UK, France, Germany, Afghanistan
Holding vigil at her husband’s side, a devoted Muslim (famous Iranian actress Golshifteh Farahani) discovers unexpected empowerment. As she expresses her frustrations and desires, new possibilities present themselves in her war-torn city. Atiq Rahimi’s adaptation of his novel proves a "poetic and politically charged allegory."—Screen. Winner, Best Actress, Abu Dhabi 2012.
Forget the Troubles and get your "Teenage Kicks" instead! Set in 70s Belfast, Lisa Barros D’Sa and Glenn Leyburn’s exhilarating biopic celebrates the gregarious godfather of Northern Irish punk. "An impassioned, funny and monumentally likable myth-making comedy."—Time Out
In 2008, 18 climbers from a party of 24 reached the summit of the world’s second-highest mountain, the treacherous K2; 48 hours later 11 were either dead or had simply vanished. What happened? Nick Ryan weaves together found footage, eerie reenactments and interviews with survivors to try and solve this tragic mystery.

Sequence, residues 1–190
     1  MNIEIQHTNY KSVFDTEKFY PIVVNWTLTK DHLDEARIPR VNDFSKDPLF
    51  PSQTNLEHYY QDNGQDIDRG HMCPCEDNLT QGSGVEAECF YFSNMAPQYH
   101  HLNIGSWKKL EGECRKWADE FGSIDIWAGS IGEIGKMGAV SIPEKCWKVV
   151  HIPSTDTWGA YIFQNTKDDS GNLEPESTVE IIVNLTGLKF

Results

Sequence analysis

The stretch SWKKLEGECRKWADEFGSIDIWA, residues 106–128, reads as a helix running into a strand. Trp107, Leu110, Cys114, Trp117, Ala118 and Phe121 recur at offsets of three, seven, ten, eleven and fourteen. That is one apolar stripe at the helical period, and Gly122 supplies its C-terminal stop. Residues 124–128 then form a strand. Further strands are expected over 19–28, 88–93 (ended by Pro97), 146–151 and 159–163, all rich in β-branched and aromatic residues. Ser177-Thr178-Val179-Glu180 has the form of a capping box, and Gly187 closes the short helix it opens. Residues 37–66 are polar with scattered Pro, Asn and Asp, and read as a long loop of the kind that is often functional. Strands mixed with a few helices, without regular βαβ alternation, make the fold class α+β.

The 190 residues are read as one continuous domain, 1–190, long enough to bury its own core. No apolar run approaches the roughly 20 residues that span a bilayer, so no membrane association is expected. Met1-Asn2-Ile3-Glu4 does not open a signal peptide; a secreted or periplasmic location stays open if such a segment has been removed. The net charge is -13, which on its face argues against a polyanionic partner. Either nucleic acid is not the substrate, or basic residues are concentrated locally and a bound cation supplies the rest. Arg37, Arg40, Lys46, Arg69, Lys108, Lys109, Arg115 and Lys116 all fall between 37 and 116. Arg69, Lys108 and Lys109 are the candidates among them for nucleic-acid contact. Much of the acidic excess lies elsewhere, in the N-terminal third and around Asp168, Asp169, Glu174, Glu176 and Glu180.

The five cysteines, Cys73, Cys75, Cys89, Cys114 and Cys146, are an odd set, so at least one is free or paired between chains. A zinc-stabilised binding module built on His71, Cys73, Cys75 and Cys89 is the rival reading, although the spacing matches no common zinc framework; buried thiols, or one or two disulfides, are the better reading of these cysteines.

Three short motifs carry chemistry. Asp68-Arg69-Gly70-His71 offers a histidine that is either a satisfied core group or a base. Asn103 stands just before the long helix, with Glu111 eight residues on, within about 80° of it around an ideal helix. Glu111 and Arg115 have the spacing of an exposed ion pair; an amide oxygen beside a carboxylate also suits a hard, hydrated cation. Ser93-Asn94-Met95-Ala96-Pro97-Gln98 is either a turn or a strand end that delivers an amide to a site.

Artist and architect Susumu Shingu has had a lifelong “dialogue with the wind and with water.” Now he wants to create wind-powered communities. Thomas Riedelsheimer (Rivers and Tides) documents this combination of passionate environmental story and moving exploration of creativity with characteristic eloquence and lustrous imagery.
UK, USA, France, Mexico
Gliding with the grace of a boomerang, Juan Carlos Martín’s documentary circles back through artist Gabriel Orozco’s career, tracing how the Mexican modernist’s drawings, photographs and sculptures became so influential. And every time the camera returns to Orozco, we see an artist wrestling with precisely what a career retrospective signifies.